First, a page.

Business Trumps Artistic Integrity

When famed sculptor David Phillips created gigantic bronze crabs and frogs to graze on the lawn at Boston's scenic Eastport Park, he considered the surrounding environment a pivotal component of the overall creation.

But recently, Fidelity Investment, the company that commissioned Phillips to create the art in 1999, decided to remove and relocate several of Phillips' sculptures to make way for renovations. Phillip filed suit, claiming the company violated the Visual Artists Rights Act (VARA) of 1990. According to the Act, "in a work of 'site-specific art,' one of the component physical objects is the location of the art. To remove a work of site-specific art from its original site is to destroy it."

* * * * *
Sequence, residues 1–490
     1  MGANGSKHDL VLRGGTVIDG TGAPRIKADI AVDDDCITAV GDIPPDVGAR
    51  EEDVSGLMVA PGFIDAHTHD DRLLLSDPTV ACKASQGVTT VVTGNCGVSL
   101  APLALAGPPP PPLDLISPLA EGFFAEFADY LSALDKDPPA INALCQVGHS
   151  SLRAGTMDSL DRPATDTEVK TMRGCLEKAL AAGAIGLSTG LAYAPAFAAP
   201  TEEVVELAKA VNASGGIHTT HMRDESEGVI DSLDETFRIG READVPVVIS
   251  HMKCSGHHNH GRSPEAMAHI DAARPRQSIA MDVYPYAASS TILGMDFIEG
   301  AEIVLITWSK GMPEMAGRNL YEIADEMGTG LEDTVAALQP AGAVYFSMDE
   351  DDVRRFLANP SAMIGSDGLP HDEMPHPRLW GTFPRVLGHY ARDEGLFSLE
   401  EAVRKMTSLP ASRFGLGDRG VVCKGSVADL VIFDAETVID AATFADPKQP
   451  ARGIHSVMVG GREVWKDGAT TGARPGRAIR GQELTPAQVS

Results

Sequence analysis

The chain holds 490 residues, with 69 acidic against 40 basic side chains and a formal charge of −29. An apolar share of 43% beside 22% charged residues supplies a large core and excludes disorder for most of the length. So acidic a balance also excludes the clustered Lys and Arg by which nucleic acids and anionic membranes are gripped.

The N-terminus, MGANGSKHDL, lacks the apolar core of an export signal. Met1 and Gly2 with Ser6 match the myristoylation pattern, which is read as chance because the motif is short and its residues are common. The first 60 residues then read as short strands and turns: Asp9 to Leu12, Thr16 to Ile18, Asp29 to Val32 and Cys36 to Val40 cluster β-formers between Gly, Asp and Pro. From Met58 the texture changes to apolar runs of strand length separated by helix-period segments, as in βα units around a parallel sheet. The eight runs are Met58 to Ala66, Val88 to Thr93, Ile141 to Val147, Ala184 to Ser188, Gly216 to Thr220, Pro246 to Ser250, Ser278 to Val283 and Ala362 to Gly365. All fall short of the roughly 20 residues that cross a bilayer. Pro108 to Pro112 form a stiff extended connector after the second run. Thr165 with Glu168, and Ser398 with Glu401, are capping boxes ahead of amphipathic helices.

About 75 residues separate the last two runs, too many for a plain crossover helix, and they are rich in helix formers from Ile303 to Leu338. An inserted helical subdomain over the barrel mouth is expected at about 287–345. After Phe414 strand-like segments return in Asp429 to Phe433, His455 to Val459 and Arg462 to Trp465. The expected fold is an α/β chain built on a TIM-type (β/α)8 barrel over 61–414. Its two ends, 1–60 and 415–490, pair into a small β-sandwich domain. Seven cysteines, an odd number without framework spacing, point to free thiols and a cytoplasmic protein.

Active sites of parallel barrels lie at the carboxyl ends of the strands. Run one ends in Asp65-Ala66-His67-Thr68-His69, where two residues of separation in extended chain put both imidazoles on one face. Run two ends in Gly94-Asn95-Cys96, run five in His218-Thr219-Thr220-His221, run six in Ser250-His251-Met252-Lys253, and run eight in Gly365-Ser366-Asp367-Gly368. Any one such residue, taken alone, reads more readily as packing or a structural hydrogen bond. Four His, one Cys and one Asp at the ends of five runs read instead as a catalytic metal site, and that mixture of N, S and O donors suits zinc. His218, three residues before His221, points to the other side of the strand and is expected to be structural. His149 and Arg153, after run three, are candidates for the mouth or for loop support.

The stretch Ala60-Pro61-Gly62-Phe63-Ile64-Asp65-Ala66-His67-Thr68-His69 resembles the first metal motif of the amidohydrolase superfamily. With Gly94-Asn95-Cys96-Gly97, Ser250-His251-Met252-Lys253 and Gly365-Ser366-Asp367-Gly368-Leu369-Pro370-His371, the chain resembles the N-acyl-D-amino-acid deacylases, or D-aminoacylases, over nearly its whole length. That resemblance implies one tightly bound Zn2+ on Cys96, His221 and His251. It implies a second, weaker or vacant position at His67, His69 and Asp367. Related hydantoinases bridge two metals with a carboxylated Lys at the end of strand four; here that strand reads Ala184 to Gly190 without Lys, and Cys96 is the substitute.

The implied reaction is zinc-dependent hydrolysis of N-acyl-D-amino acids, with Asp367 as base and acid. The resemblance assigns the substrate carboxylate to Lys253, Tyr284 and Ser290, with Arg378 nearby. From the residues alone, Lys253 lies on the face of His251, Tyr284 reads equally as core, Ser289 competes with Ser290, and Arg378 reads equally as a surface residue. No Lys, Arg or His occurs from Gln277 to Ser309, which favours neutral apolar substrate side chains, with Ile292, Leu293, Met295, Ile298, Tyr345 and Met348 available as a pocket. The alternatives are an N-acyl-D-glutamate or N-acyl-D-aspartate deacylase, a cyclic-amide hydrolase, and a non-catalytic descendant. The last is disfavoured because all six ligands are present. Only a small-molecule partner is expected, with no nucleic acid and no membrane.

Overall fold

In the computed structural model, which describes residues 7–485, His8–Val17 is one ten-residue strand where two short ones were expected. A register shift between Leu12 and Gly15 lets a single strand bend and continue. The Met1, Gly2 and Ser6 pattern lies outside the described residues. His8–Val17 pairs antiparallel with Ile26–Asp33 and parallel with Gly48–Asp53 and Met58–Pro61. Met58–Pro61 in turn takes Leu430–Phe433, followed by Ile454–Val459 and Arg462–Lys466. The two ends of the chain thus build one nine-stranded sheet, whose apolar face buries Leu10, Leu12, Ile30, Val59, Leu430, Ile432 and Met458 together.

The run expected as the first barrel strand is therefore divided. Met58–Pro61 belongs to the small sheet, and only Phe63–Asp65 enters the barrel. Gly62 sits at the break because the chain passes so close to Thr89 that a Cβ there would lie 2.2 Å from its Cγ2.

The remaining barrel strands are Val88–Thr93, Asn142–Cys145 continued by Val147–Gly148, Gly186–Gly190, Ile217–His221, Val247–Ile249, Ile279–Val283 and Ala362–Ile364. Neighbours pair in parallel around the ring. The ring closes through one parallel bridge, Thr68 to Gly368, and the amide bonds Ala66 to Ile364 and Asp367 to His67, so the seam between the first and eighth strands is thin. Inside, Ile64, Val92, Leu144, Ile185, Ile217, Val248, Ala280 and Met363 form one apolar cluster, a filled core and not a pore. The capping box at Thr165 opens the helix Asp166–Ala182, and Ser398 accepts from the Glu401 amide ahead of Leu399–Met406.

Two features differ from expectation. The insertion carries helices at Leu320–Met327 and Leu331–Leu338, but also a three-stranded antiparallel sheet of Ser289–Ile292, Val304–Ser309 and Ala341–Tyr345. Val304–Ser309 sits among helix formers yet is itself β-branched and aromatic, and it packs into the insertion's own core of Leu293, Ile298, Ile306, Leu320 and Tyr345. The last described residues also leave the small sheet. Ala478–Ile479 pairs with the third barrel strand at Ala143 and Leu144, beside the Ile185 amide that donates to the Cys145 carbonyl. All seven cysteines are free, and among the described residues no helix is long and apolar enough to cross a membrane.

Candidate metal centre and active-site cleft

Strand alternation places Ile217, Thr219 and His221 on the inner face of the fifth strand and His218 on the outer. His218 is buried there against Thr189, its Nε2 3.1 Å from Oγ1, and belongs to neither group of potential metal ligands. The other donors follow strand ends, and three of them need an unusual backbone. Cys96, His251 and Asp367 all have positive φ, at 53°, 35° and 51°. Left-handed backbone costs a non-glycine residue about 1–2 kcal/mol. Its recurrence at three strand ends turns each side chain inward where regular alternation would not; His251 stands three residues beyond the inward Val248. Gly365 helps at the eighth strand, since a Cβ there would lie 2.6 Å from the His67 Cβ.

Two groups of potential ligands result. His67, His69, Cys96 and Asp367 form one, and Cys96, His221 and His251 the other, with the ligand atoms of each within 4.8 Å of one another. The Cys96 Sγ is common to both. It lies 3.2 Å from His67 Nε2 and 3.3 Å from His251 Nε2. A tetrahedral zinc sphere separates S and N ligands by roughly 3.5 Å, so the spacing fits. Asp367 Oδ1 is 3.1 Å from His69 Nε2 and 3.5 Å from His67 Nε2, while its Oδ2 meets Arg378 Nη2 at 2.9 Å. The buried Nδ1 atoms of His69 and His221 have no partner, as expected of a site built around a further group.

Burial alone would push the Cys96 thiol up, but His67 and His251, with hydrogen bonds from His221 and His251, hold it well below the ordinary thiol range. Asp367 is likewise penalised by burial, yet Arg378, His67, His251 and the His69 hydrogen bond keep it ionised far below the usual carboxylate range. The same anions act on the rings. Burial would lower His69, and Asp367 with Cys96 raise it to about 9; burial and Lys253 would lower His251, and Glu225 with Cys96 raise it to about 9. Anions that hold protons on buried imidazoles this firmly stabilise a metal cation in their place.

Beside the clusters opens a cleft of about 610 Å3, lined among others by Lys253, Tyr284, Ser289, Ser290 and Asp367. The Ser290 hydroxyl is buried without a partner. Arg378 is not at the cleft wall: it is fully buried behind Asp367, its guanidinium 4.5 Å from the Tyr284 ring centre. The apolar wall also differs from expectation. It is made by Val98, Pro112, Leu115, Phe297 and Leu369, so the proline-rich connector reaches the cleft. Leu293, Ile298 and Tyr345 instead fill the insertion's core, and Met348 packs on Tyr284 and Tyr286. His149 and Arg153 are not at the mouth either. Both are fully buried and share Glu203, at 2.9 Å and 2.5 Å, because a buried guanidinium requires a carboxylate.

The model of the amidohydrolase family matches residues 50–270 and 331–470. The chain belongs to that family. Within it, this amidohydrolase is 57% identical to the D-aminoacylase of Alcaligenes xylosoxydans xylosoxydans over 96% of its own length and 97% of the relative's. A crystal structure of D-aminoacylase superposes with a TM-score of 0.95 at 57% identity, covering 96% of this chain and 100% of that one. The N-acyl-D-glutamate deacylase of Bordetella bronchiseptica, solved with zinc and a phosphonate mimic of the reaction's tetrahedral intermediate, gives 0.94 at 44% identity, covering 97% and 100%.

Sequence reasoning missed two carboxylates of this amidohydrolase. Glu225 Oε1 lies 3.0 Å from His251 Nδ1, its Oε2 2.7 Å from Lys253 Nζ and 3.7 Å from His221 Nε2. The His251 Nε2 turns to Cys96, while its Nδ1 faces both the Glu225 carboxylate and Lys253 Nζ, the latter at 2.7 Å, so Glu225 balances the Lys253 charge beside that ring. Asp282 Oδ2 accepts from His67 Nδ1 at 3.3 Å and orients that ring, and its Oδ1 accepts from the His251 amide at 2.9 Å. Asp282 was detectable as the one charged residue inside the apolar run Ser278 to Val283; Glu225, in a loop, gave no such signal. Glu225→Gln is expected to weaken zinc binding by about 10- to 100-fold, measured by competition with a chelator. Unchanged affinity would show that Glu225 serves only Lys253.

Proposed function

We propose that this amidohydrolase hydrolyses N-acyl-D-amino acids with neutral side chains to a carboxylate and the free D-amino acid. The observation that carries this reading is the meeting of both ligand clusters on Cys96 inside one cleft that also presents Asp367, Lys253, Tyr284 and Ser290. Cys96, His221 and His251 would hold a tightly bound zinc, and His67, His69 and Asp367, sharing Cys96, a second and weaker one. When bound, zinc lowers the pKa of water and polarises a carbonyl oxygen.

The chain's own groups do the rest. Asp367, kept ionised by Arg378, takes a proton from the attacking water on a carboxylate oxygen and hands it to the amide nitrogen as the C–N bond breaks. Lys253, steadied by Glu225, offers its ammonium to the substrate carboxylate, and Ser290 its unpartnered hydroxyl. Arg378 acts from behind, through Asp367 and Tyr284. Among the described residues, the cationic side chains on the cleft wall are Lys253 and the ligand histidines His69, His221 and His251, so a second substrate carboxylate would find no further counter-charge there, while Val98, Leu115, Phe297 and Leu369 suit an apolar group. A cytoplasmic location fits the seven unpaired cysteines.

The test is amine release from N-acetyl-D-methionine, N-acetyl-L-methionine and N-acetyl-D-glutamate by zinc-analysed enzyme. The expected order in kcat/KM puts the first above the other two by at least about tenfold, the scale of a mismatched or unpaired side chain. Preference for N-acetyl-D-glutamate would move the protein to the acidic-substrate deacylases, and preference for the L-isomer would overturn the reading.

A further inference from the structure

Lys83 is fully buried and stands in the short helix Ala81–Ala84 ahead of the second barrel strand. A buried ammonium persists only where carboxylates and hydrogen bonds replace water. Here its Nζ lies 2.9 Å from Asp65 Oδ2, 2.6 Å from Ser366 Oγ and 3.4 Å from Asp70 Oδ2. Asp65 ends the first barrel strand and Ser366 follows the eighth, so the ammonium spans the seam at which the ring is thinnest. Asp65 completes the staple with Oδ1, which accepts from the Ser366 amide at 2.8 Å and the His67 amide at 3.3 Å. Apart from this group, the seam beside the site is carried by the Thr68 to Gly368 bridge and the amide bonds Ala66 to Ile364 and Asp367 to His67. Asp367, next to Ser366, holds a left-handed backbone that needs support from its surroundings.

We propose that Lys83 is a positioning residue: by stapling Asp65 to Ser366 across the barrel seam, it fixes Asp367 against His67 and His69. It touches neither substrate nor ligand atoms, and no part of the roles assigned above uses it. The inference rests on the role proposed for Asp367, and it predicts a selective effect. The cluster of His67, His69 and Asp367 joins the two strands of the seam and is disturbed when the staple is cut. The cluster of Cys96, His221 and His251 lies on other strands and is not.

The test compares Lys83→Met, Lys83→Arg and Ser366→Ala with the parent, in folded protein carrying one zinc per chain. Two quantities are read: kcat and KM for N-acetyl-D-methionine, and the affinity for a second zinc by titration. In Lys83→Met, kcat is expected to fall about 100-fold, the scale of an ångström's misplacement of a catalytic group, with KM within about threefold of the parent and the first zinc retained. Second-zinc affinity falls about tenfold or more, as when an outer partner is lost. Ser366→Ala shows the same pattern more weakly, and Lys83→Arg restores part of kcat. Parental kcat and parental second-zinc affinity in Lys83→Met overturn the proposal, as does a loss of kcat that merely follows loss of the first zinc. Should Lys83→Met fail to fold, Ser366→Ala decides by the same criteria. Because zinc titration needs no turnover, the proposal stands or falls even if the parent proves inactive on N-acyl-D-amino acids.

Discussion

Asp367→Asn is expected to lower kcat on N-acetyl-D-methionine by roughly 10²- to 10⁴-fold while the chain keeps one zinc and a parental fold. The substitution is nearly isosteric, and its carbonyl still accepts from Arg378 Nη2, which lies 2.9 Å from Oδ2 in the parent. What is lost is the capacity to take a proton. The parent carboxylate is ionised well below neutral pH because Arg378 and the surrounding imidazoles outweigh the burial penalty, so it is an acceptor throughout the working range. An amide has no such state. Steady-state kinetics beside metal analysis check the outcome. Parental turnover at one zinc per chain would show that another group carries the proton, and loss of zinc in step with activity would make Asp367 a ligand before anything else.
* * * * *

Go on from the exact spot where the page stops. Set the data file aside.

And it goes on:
Although a 2003 district judge issued a temporary restraining order against Fidelity to stop it from altering Phillips work, Phillips lost his three-year battle Aug. 22 when the U.S. Court of Appeals for the 1st Circuit ruled that Fidelity could remove the sculptures.

"We do not denigrate the value or importance of site-specific art, which unmistakably enriches our culture and the beauty of our public spaces," the court wrote. "We have simply concluded that the plain language of VARA does not protect site-specific art. If such protection is necessary, Congress should do the job."

Staff Writer-PublishThis Test

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